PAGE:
# [R-meta] Questions about the use of metaprop for the pooling of proportions

Thiago Roza roz@@h@th|@go @end|ng |rom gm@||@com
Tue Mar 8 23:13:09 CET 2022

```Dear Gerta and Wolfgang,

Thank you for the replies!
The fixed model works just fine for my multinomial data (the sum of
the proportions of all suicide methods is now 100!).
I think that in this case, I will use the random-effects model for the
binomial data in metaprop and the fixed effects model for the
multinomial data!

Thiago

Em ter., 8 de mar. de 2022 às 19:06, Dr. Gerta Rücker
<ruecker using imbi.uni-freiburg.de> escreveu:
>
> Hi Wolfgang,
>
> Thank you! Indeed I just saw that the ML estimate under the binomial
> model and the assumption of homogeneity gives (sum r_i)/(sum n_i). In
> fact this seems equivalent to logistic regression. Probably it works
> also under the multinomial model, I didn't write this down. I admit that
>
> Best,
>
> Gerta
>
> Am 08.03.2022 um 22:58 schrieb Viechtbauer, Wolfgang (SP):
> > Hi Gerta,
> >
> > Under homogeneity, we have X_i ~ Binomial(n_i, pi), in which case sum(X_i) ~ Binomial(sum(n_i), pi) and hence
> >
> > sum(out1)/sum(n)
> > plogis(coef(glm(out1/n ~ 1, weights = n, family = binomial)))
> >
> > or using metaprop() / rma.glmm()
> >
> > plogis(metaprop(out1, n)\$TE.fixed)
> > plogis(coef(rma.glmm(measure="PLO", xi=out1, ni=n, method="EE")))
> >
> > are all identical. It goes to show how the logistic regression approach gives an 'exact' model, based on the exact distributional properties of binomial counts.
> >
> > As for Thiago's data: I think this is fine. But essentially he has multinomial data. I recently described in a post how such data could be addressed if one would want to analyze them all simultaneously:
> >
> > https://stat.ethz.ch/pipermail/r-sig-meta-analysis/2022-February/003878.html
> >
> > Best,
> > Wolfgang
> >
> >> -----Original Message-----
> >> From: R-sig-meta-analysis [mailto:r-sig-meta-analysis-bounces using r-project.org] On
> >> Behalf Of Dr. Gerta Rücker
> >> Sent: Tuesday, 08 March, 2022 20:30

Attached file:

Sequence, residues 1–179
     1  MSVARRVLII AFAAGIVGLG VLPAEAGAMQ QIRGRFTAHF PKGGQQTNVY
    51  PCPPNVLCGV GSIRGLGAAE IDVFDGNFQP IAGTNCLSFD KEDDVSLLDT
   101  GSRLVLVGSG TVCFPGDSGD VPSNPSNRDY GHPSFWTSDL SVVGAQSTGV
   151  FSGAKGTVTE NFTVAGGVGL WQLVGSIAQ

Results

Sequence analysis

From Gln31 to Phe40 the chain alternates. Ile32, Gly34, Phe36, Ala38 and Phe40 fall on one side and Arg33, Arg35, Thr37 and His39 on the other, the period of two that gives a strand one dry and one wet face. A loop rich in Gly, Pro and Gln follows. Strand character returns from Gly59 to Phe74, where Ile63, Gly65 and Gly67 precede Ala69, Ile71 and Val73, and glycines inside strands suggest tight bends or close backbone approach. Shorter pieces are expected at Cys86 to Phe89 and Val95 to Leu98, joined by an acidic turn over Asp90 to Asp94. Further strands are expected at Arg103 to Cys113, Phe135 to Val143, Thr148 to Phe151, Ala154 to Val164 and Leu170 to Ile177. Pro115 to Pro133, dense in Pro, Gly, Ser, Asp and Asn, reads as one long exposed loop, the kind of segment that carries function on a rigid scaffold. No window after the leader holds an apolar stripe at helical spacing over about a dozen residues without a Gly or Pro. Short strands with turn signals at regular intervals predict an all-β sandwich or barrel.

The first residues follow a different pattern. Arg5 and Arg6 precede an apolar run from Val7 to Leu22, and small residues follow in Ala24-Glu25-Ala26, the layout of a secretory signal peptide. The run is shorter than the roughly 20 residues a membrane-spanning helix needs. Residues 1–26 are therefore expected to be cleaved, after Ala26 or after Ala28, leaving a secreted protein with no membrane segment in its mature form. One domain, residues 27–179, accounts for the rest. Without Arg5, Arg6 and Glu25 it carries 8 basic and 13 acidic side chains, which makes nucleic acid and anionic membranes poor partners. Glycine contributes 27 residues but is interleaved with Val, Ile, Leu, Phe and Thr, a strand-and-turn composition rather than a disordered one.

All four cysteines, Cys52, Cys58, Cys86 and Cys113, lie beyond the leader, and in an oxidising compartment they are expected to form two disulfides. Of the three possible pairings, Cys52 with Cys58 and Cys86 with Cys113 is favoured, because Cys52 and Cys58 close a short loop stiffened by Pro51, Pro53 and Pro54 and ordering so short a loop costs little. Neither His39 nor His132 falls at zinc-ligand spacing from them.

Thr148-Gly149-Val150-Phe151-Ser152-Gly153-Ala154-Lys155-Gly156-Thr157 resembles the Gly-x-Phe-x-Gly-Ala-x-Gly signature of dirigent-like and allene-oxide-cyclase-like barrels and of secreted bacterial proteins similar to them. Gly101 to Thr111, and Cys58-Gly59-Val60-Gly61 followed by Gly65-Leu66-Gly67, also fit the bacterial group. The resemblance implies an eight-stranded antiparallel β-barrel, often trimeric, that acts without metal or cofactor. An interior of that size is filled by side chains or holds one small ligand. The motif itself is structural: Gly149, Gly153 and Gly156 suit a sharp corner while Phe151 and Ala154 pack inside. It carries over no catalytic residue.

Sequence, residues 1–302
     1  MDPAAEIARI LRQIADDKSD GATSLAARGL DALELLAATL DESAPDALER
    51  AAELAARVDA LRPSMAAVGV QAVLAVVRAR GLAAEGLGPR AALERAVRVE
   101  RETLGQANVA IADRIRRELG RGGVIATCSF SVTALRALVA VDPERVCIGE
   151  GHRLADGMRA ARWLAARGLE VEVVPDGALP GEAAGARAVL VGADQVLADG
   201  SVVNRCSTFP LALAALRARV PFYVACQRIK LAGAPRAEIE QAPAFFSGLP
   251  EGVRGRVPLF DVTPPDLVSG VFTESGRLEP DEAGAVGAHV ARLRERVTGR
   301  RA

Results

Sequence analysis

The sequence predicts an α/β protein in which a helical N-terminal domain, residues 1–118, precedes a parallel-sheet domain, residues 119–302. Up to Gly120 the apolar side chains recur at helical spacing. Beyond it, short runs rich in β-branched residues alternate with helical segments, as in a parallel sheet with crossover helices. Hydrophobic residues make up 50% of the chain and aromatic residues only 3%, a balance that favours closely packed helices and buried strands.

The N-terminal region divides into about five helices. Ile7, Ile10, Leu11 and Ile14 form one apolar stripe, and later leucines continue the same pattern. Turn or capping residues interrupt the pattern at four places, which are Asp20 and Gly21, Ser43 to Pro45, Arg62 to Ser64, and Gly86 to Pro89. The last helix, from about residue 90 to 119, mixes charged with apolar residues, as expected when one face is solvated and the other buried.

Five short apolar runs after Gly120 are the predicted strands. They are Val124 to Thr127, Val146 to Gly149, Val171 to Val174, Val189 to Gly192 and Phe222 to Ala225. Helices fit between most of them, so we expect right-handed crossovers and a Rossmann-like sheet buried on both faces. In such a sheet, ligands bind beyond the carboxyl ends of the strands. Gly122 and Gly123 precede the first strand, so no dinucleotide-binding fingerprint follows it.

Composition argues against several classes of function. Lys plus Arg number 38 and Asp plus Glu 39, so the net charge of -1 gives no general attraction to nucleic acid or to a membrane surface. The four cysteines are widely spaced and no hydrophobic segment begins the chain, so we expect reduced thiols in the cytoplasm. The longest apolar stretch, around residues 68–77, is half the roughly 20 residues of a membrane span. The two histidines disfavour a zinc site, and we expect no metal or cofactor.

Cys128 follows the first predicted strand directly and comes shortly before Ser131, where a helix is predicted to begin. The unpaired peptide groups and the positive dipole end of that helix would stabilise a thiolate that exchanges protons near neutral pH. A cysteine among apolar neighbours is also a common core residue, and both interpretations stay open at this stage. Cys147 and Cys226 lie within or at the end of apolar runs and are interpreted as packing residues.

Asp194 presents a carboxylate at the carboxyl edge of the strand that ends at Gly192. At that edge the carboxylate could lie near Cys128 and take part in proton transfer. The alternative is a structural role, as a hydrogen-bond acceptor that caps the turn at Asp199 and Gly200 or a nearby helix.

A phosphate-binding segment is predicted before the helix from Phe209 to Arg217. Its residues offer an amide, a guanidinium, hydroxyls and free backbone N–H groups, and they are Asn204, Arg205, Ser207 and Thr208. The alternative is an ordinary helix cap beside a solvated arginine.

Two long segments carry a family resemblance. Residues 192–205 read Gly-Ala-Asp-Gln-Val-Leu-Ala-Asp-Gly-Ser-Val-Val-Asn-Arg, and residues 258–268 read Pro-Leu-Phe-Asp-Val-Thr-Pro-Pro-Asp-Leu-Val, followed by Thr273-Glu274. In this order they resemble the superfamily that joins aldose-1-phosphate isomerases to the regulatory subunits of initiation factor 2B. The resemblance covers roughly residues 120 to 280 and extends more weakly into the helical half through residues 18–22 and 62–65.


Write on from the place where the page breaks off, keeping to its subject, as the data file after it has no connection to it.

> >> To: Thiago Roza
> >> Cc: r-sig-meta-analysis using r-project.org
> >> Subject: Re: [R-meta] Questions about the use of metaprop for the pooling of
> >> proportions
> >>
> >> Dear Thiago,
> >>
> >> I found that, apparently, the result presented by the common effect
> >> model (=fixed effect model) is simply the sum of all entries/events over
> >> all studies, divided by the total sample size (summed up over all
> >> studies). You see this by typing the following after the code in my last
> >> e-mail:
> >>
> >> all.equal(sum(out1)/sum(n), plogis(m1\$TE.fixed))
> >> all.equal(sum(out2)/sum(n), plogis(m2\$TE.fixed))
> >> all.equal(sum(out3)/sum(n), plogis(m3\$TE.fixed))
> >>
> >> This means that the method is equivalent to considering the data as a
> >> contingency table where the rows correspond to the studies and the
> >> columns to the outcomes. The meta-analytic result corresponds to the
> >> percentages in the column sums, and of course these add to 100%. In fact
> >> this is the easiest way to deal with this kind of data.
> >>
> >> @Guido, @Wolfgang: I couldn't find thisinformation on the metaprop or
> >> the rma.glmm help pages. Do you see any problem with interpreting
> >> Thiago's data as a contingency table? I think that, by contrast to
> >> pairwise comparison data, confounding/ecological bias is not an issue here.
> >>
> >> Best,
> >>
> >> Gerta
> >>
> >> Am 08.03.2022 um 19:30 schrieb Dr. Gerta Rücker:
> >>> Dear Thiago,
> >>>
> >>> So you have proportions of several mutually exclusive outcomes. Of
> >>> course, these are dependent because the sum is always the total
> >>> numbers of cases in the study (corresponding to 100% in that study).
> >>> Nevertheless, I don't see any reason why not pooling each outcome
> >>> separately using metaprop(). In fact, depending on the transformation,
> >>> the resulting average proportion will not generally sum up to 100%,
> >>> particularly not when using no transformation at all. This raises the
> >>> question which transformation to choose. The default in metaprop() is
> >>> random intercept logistic regression model with transformation logit.
> >>>
> >>> I made an observation that I have to think about, and you may try
> >>> this. If I use the default, the sum of the pooled percentages over all
> >>> outcomes is indeed always 1 for the fixed effect estimate. I used code
> >>> like this (here for 3 outcomes):
> >>>
> >>> #### Random data ####
> >>> out1 <- rbinom(10,100,0.1)
> >>> out2 <- rbinom(10,100,0.5)
> >>> out3 <- rbinom(10,100,0.9)
> >>> n <- out1 + out2 + out3
> >>> m1 <- metaprop(out1, n)
> >>> m2 <- metaprop(out2, n)
> >>> m3 <- metaprop(out3, n)
> >>> plogis(m1\$TE.fixed) + plogis(m2\$TE.fixed) + plogis(m3\$TE.fixed)
> >>>
> >>> (plogis is the inverse of the logit transformation, often called
> >>> "expit": plogis(x) = exp(x)/(1 + exp(x).) These seem to sum up to 1
> >>> for the fixed effect estimates, but not in general for the random
> >>> effects estimates, only in case of small heterogeneity (which is
> >>> rarely the case with proportions).
> >>>
> >>> I am interested to hear whether this works with your data. (And I have
> >>> to prove that this holds in general ...)
> >>>
> >>> Best,
> >>>
> >>> Gerta
>
> --
>
> Dr. rer. nat. Gerta Rücker, Dipl.-Math.
>
> Guest Scientist
> Institute of Medical Biometry and Statistics,
> Faculty of Medicine and Medical Center - University of Freiburg
>
> Zinkmattenstr. 6a, D-79108 Freiburg, Germany
>
> Mail:     ruecker using imbi.uni-freiburg.de
> Homepage: https://www.uniklinik-freiburg.de/imbi-en/employees.html?imbiuser=ruecker
>

```